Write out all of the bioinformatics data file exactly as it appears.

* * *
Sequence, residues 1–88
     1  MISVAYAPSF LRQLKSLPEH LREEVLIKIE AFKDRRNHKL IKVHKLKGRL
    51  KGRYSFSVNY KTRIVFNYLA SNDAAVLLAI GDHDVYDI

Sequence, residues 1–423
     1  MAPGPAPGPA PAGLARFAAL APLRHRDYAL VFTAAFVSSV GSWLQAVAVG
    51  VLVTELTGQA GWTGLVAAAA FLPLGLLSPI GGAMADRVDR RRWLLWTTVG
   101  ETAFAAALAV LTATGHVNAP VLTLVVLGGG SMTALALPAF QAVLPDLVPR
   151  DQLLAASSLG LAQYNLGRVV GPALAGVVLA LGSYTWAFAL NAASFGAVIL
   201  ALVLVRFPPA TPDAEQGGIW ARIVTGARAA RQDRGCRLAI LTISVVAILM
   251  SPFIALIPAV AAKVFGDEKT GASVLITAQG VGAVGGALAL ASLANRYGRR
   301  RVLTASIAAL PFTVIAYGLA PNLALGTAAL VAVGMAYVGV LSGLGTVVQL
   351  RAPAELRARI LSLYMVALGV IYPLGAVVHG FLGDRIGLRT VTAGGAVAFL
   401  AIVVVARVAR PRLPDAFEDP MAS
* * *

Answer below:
Sequence, residues 1–88
     1  MISVAYAPSF LRQLKSLPEH LREEVLIKIE AFKDRRNHKL IKVHKLKGRL
    51  KGRYSFSVNY KTRIVFNYLA SNDAAVLLAI GDHDVYDI

Sequence, residues 1–423
     1  MAPGPAPGPA PAGLARFAAL APLRHRDYAL VFTAAFVSSV GSWLQAVAVG
    51  VLVTELTGQA GWTGLVAAAA FLPLGLLSPI GGAMADRVDR RRWLLWTTVG
   101  ETAFAAALAV LTATGHVNAP VLTLVVLGGG SMTALALPAF QAVLPDLVPR
   151  DQLLAASSLG LAQYNLGRVV GPALAGVVLA LGSYTWAFAL NAASFGAVIL
   201  ALVLVRFPPA TPDAEQGGIW ARIVTGARAA RQDRGCRLAI LTISVVAILM
   251  SPFIALIPAV AAKVFGDEKT GASVLITAQG VGAVGGALAL ASLANRYGRR
   301  RVLTASIAAL PFTVIAYGLA PNLALGTAAL VAVGMAYVGV LSGLGTVVQL
   351  RAPAELRARI LSLYMVALGV IYPLGAVVHG FLGDRIGLRT VTAGGAVAFL
   401  AIVVVARVAR PRLPDAFEDP MAS